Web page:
Earlier this week, over the border in England Deputy Prime Minister Nick Clegg put his name to a new policy document titled Closing the Gap: Priorities for essential change in mental health. The foreword to this includes the line that ‘Mental health is moving up the policy agenda across government’. This is a welcome assertion. It is also one which deserves to be examined alongside evidence of recent cuts in funding and retractions in services at a time of rising demand (see here and here for my earlier posts on mental health in an era of austerity).
This is a document listing 25 areas for change in four areas: increasing access to mental health services; integrating physical and mental health care; starting early to promote mental wellbeing and prevent mental health problems; and improving the quality of life of people with mental health problems. It closes with the maxim that mental health is everybody’s business. Initial coverage in The Guardian included a fairly straightforward description of the document’s content, and particularly its promise of increased choice for people using services and the introduction of waiting time targets. In The Independent, Paul Jenkins (from the organisation Rethink Mental Illness) was more searching, contrasting Closing the Gap‘s aspiration with what we know about frontline services:
[…] historically, mental health has always had a raw deal when it comes to NHS spending and accounts for 22% of illness in this country, but only gets 11% of the NHS budget. On top of this, over the last two years, we’ve seen a 2% cut in mental health spending despite increasing demand. Services which were already struggling are being squeezed even further. So how can the Government now make real inroads into significantly improving care and introducing choice when the services simply aren’t there? People are waiting months, even years for treatment.
If politicians really want to improve the lives of people with mental illness, we need to see investment in mental health services – in the very least services should not be cut. We should also be making sure that people who are too ill to work are properly supported with the benefits there are entitled to and with services that respond when and where they are needed. And when we see an action plan, it needs to set out specific commitments on how things are going to change and by when.
Well said. Personally I am minded to think, again, about the mental health field’s wicked problems, and how large-scale policy always contains just one version of what a system’s most pressing challenges (and their solutions) might be. Closing the Gap has plenty to say on what ought to be happening at local level (better preparation of commissioners of mental health services, more mental health training for primary care workers, more psychological therapies, and so on). What it does not unequivocally say is that ‘the problem’ may also be one of underfunding relative to levels of need.
I am also reminded of how local service change in response to national policy can lead to unintended consequences (something I have written about at length here). Here’s a speculative example to illustrate this point. Typically, mental health teams have responsibilities to respond in timely fashion to new requests for help (from colleagues in primary care, for example) whilst simultaneously providing care to people already using their services. Who knows, then, what the wider system effects might be when waiting limits for mental health services are introduced next year, as Closing the Gap promises they will? At local level, will redoubled efforts to respond to new referrals mean that the delivery of ongoing care and treatment will suffer? Will NHS organisations be tempted to establish new types of service specifically to reduce waiting times? If so, how will these find their feet in systems which are already organisationally complex? None of this is to say, of course, that waiting periods are problems which do not deserve to be tackled, but it is to say that actions to address perceived deficiencies always reverberate.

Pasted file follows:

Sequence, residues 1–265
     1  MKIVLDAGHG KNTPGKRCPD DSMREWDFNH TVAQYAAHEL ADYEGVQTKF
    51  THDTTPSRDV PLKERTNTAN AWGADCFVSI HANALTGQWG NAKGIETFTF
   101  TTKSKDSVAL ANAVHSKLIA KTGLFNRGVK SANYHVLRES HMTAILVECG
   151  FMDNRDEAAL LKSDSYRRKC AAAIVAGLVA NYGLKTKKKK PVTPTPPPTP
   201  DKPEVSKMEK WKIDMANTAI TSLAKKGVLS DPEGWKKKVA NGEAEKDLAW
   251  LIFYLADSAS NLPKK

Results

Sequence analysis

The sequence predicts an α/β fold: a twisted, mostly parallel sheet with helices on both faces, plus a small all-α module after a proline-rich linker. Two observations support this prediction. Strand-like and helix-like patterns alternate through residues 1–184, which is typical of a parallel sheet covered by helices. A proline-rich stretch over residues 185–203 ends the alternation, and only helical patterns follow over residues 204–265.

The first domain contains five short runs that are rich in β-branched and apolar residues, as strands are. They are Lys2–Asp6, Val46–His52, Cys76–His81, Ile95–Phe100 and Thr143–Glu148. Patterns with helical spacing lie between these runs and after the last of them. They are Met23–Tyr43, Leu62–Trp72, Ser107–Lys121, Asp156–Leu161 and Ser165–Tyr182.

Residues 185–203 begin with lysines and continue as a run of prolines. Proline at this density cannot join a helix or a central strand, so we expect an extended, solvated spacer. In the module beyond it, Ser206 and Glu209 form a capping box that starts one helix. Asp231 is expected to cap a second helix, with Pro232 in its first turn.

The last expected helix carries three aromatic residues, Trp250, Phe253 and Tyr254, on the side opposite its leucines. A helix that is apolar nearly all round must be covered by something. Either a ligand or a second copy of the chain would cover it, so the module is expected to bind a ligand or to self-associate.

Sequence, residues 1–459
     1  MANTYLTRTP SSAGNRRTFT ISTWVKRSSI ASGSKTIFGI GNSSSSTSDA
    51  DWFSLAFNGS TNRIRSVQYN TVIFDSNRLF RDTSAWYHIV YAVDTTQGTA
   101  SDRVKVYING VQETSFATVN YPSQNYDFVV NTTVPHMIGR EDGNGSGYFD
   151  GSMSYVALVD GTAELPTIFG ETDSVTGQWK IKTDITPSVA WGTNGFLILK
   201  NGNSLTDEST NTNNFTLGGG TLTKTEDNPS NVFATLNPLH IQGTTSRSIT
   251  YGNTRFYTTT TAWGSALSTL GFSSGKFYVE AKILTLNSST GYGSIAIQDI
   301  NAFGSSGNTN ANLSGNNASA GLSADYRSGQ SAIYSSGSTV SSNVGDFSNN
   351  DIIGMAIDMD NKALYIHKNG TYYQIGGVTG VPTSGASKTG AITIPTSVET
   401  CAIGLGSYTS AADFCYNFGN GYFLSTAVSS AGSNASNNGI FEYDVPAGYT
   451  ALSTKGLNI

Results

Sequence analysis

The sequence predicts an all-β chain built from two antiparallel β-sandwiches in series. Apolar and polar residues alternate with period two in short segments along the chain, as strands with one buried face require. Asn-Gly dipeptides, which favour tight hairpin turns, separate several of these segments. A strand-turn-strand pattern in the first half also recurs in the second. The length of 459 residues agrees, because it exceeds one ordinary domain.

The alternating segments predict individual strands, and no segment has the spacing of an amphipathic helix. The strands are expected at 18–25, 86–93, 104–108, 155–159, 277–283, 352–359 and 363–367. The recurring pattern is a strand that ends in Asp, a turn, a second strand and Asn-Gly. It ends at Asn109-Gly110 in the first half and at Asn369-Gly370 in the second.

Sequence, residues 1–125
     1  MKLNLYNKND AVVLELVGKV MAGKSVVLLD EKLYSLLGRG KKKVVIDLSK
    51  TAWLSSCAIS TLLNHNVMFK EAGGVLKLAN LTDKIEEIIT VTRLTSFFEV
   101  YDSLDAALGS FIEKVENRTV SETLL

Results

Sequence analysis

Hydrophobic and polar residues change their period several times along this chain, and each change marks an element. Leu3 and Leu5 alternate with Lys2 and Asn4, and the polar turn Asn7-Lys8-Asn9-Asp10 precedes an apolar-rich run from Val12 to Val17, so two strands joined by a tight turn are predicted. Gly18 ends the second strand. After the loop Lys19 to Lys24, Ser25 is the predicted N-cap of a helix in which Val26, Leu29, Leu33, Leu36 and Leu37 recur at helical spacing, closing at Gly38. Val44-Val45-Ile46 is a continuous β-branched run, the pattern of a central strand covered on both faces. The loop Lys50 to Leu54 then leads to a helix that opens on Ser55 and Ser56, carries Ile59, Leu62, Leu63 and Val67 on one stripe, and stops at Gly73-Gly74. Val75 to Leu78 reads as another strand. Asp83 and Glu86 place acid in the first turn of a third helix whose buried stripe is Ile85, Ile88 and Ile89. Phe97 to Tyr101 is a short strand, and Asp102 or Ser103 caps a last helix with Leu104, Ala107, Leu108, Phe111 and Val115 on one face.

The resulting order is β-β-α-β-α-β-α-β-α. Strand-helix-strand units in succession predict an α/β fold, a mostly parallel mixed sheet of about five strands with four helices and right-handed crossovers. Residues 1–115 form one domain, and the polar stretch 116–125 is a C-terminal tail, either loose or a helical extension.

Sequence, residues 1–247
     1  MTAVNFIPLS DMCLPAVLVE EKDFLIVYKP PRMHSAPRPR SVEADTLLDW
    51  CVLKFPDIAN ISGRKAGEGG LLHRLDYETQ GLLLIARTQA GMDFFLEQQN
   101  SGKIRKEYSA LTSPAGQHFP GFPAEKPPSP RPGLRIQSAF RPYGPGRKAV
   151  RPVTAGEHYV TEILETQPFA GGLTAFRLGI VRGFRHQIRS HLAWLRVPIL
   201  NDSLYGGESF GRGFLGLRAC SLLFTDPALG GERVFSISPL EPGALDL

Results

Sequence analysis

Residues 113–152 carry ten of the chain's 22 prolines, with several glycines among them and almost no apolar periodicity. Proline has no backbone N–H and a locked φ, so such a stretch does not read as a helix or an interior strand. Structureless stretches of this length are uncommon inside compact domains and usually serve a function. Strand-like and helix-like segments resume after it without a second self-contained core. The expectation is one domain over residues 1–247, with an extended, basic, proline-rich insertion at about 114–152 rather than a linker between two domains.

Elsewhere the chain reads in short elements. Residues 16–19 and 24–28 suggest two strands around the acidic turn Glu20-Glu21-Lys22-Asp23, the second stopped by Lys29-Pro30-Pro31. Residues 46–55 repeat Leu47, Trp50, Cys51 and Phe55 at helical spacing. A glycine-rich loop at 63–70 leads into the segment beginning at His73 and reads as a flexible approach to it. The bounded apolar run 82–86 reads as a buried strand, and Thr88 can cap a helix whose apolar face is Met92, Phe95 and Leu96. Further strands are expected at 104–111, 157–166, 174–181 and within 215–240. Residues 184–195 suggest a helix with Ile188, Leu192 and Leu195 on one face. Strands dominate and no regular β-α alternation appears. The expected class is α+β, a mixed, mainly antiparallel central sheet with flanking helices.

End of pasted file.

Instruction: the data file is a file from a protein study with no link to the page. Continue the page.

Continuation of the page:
2 thoughts on “Closing the Gap?”
Wicked paper attached, man. I’m trying to find an intellectual to explain it all to me. I thought solutions would be quite simple. Instead, I must be the simple one!
Peter, the original (and celebrated) paper is here: http://www.uctc.net/mwebber/Rittel+Webber+Dilemmas+General_Theory_of_Planning
One of things I find most useful is the idea that everything is connected. So an apparently simple solution might, over time, be ‘felt’ in unexpected places and in unintended ways. And, thinking about it, are solutions to problems in public services ever all that ‘simple’ at all? More often than not they’re contestable. So if we want to improve mental health services, what’s to be done? Can we even agree on what ‘improve’ means? Maybe the problem is one of science, and we know too little about the biological causes of mental ill-health. Well, if that’s the formulation of the problem then a certain set of solutions must follow. Or is it that people’s distress has social causes? That leads to a further set of solutions. Or is ‘the problem’ in mental health one of stigma, negative public attitudes, inadequately trained professionals, inflexible services, poverty? Perhaps some combination of all of these, and other, things? So all pretty complex, I reckon…